The Alberta government says it’s adding new paramedic jobs and ambulances while also temporarily easing staffing rules in a bid to ease pressure on the province’s EMS system.
Health Minister Jason Copping said at a Thursday news conference he’d approved a ministerial order to allow emergency medical responders to transfer stable patients and staff ambulances alongside higher-ranked paramedics for a year.
The move was a recommendation from Alberta’s EMS advisory committee. That committee was scheduled to submit its report to the province by the end of this month, and Copping said it would be tabled by the end of July.
“This will improve coverage and response times, especially in rural communities where staff fatigue and staffing challenges can be more acute,” he said.
It’s not yet known what the committee’s other recommendations entail.
The Thursday announcement from the province follows one Wednesday, when Alberta Health said it was creating 100 new EMS positions and extending 70 temporary positions, moves that will add 19 new ambulances and five support vehicles to the system.
In Calgary, that includes 20 new primary care paramedic jobs and eight new EMRs to transfer patients within facilities. There will be four more ambulances on city roads by the end of June and another five by the end of September. As well, 24-7 ambulance coverage will be newly available in both Okotoks and Chestermere by the end of August.
Strain on Alberta’s EMS system has grown over the past several years but reached a fever pitch toward the end of 2021, with a 30 per cent increase in 911 calls that AHS chief paramedic Darren Sandbeck has characterized as the “new normal.”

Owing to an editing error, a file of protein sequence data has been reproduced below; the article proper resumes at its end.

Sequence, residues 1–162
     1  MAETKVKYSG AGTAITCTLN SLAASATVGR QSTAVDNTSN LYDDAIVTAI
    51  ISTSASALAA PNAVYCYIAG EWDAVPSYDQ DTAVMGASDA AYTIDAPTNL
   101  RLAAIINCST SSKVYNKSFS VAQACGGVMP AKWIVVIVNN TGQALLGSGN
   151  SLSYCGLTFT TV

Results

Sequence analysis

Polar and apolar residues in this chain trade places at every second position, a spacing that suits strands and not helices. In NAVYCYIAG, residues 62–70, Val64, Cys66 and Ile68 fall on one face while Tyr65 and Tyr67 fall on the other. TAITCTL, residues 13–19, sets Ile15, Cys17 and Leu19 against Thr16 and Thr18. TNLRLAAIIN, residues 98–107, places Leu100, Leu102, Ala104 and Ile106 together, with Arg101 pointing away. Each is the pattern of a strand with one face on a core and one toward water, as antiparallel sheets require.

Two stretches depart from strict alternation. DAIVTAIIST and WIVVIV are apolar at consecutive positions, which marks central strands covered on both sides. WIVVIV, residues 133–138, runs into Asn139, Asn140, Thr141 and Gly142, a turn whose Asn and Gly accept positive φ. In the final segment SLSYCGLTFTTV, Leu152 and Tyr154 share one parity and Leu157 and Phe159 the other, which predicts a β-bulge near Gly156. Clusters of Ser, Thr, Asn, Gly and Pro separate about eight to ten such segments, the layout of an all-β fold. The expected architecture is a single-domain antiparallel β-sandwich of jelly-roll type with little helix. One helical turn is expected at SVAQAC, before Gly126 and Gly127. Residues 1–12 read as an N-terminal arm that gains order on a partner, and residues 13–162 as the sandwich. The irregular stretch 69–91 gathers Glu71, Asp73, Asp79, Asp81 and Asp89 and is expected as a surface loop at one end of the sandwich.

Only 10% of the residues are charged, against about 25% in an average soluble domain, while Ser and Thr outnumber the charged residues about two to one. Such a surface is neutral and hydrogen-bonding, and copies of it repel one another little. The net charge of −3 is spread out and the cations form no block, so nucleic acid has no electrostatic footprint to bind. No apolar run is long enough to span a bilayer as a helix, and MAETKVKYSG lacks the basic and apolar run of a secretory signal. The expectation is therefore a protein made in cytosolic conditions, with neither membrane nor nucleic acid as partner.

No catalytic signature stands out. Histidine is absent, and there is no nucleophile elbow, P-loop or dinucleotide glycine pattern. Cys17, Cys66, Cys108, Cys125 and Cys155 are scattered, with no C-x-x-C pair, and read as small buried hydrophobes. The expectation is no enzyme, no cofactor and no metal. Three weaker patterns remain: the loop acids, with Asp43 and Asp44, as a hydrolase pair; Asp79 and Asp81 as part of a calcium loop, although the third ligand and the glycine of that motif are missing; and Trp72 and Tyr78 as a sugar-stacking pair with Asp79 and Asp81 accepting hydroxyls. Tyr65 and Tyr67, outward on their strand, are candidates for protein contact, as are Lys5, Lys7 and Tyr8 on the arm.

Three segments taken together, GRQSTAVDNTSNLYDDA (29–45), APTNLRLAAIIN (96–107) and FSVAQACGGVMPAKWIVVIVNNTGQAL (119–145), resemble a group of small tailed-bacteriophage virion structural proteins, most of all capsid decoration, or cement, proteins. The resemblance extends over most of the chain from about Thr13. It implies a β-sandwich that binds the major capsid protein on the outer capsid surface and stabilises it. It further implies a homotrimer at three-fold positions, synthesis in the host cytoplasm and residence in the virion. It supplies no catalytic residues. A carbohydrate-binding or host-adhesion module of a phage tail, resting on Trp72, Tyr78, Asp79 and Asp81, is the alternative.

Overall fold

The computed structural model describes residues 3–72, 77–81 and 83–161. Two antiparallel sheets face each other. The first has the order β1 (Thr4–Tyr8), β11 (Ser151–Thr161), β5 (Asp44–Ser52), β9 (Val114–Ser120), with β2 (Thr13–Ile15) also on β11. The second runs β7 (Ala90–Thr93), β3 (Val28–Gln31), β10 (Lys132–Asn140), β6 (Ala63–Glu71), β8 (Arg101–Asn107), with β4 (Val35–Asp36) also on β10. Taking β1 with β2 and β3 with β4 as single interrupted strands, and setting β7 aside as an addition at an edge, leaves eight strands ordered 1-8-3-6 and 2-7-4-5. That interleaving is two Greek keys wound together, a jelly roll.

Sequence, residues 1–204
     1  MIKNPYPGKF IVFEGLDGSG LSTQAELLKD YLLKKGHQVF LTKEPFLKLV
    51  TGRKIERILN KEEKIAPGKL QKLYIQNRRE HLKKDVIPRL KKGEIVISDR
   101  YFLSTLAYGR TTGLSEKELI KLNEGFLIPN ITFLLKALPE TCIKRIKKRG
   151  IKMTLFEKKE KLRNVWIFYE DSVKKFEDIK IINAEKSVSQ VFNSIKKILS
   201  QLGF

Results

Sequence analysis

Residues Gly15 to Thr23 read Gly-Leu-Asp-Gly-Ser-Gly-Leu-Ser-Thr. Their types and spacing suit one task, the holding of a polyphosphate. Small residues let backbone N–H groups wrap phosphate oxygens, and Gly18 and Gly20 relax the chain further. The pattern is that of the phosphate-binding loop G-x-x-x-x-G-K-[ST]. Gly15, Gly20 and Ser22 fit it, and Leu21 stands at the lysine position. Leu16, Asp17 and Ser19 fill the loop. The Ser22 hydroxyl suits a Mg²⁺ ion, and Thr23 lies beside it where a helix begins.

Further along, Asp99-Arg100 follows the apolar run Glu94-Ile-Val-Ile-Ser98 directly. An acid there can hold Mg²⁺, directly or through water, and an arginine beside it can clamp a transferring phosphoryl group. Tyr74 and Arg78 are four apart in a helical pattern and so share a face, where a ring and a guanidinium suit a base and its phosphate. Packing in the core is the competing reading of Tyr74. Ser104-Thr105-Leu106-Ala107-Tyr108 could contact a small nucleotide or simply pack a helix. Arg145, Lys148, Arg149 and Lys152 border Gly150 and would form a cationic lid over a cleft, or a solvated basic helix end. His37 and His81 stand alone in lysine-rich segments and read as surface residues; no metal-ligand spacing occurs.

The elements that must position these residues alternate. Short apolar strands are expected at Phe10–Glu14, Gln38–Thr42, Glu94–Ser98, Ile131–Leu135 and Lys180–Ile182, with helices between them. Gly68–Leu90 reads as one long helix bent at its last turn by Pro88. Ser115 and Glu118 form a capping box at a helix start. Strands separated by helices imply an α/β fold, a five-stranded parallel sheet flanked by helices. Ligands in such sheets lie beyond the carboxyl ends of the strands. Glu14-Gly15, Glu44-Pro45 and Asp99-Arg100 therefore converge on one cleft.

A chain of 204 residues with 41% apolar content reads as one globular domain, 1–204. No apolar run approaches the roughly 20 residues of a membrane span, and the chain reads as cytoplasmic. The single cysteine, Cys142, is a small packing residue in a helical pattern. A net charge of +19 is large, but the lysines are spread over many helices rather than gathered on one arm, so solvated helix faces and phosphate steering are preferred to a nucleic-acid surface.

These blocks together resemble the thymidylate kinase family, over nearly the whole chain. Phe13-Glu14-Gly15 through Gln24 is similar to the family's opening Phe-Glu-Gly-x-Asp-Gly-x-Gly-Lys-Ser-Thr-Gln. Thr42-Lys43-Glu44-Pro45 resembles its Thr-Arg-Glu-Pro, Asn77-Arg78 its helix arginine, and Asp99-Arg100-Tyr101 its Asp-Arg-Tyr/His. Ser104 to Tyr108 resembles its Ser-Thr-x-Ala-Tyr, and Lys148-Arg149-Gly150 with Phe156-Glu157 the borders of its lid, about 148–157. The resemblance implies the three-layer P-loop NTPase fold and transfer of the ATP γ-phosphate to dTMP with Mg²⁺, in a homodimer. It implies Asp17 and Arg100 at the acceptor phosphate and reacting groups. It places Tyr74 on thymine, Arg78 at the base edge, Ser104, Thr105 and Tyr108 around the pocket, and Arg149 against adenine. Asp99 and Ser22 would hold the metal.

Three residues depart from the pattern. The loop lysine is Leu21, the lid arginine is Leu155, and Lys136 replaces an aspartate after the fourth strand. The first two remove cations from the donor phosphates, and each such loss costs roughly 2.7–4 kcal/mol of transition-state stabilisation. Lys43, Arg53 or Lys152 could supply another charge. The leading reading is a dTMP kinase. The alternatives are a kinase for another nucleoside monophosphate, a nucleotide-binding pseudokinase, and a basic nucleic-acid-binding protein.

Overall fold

The challenges have led to an increased frequency of “red alerts,” issued when no ambulances are available to respond to emergency calls.
The Health Sciences Association of Alberta said it was not given notice of Thursday’s announcement and was unable to provide a spokesperson for comment because the group is currently holding its annual convention.
In a statement, the union representing Alberta paramedics said they are “encouraged by any efforts” to ease EMS strain.
“The recommendations that were announced today will make a difference in some communities but will not turn the tide of a system in crisis,” said HSAA president Mike Parker.
“We need to be addressing bigger issues around working conditions, so we can keep the workers we have, and implement staffing strategies that will ensure all EMS resources are fully staffed instead of the current ‘just-in-time’ approach to staffing.”
When asked about the timing of the announcement, Copping said it was not intentionally scheduled to coincide with the union convention.
In a news release, Opposition NDP health critic David Shepherd criticized the provincial announcement.
“Today’s muddled and confusing announcement offers little to address the crisis at hand or give hope to paramedics who continue to work under extraordinary pressure,” Shepherd said. “We do not need another 10-point plan or advisory committee, we need this government to stop ignoring paramedics and take real action.”